"Urdu newspapers have played a critical role in vitiating the Muslim mind," The Maulana said, continuing his discussion. "They have always stoked the fear of Hindu militancy and kept the Muslims aloof . They have done nothing but instilled a feeling of insecurity among the Muslims. All the time they keep talking about Muslim heritage and past glory. And what is the reality? The Indian Muslims have become beggars."

The erstwhile Nai Duniya journalist did not even attempt to defend his newspaper. He meekly agreed.

"And that's why," he said, "I stopped reading Urdu newspapers. Now I read only Hindi newspapers. Hindi has given me a new sustenance, a new vocabulary to express my ideas. I also tell others to educate their children in Hindi and English. Urdu is a dead language and those who want to serve Urdu should be ready to lead a pauperized existence."

This was a little shocking. I have always loved the language. For a moment, I was reminded of Javed Akhtar, the poet and lyricist, who had once said that Urdu was the language of the elite. He seemed truer than ever. Since the partition of the country, most of the Urdu-speaking elite has either expired or migrated to Pakistan. Over the decades, in accordance with Pareto's law, the elite in India has changed. This elite speaks either English or Hindi. Urdu has no place in India except in 'Hindi films' and in the hearts of those who still love this quaint language.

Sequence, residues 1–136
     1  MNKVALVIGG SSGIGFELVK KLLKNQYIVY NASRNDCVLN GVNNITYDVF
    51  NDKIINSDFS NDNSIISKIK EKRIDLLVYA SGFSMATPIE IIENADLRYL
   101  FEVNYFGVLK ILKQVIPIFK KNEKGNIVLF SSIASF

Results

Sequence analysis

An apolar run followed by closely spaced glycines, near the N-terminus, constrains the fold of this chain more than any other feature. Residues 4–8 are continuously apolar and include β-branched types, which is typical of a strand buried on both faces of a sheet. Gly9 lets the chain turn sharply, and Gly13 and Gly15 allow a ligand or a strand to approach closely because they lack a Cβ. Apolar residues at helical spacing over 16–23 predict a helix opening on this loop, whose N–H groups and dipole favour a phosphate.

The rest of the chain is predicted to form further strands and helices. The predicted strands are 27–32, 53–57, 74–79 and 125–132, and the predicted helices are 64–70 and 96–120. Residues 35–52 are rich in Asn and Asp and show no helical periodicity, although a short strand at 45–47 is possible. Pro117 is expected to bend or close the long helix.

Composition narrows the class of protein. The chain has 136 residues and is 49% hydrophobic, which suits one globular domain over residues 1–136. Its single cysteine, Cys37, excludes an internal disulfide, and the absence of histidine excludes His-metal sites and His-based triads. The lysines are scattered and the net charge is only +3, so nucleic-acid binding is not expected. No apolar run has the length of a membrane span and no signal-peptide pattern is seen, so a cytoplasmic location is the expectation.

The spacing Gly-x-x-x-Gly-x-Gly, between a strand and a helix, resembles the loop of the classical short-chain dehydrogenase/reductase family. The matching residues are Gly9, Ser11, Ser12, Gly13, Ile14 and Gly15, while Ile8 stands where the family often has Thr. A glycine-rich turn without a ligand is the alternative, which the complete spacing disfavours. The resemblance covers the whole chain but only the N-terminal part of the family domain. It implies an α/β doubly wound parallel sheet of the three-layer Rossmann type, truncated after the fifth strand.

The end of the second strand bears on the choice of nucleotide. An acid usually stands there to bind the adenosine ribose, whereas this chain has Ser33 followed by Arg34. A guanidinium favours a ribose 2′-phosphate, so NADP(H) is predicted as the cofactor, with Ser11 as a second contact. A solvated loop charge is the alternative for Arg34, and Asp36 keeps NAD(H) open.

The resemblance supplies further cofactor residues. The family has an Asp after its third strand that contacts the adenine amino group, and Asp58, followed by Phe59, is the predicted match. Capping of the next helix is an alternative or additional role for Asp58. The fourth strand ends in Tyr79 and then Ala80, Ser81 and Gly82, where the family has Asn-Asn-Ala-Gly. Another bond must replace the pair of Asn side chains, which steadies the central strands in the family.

And yet I confronted the Maulana. I asked him why he thought so about Urdu.

"The answer is very simple. Today, Urdu is spoken and read by those Muslims who are poor and without resources. And if someone thinks that he will get rich by serving such poor in the given circumstances, he should get his head examined."

"And what else ails the Muslim community, apart from Urdu?" I asked him.

"It is the Madarsa system," he said. He paused for a moment and seemed to remember something. "Some time ago, I read an article in an Urdu magazine about bringing about changes in the Madarsa syllabi. I read the article with great hope. But in the end I was greatly disappointed." He again paused, reading the question in my eyes.

"The author talked about introducing technical courses in the Madarasa syllabi. And what are the technical courses he suggests? I laughed at his suggestions. The author says that technical courses in book binding, handicrafts, and computing should be taught. What day and age does this author live in? The world has moved ahead. What to talk of bookbinding and handicrafts, people who have done computer courses are sitting jobless at home. Look at their lack of vision!"

He was right. The computer professionals are past their hey day. "What should be the vision then?" I probed him further.

"The vision should be to reach the skies!" he said.

"And who will give this vision?"

"President Kalam has already given this vision in his books," he said. He had read the scientist's book in Hindi. Kalam's ideas had impressed him. He started quoting him, "Give your child a dream. If he has a dream, strengthen it. If he has a small dream, make it bigger."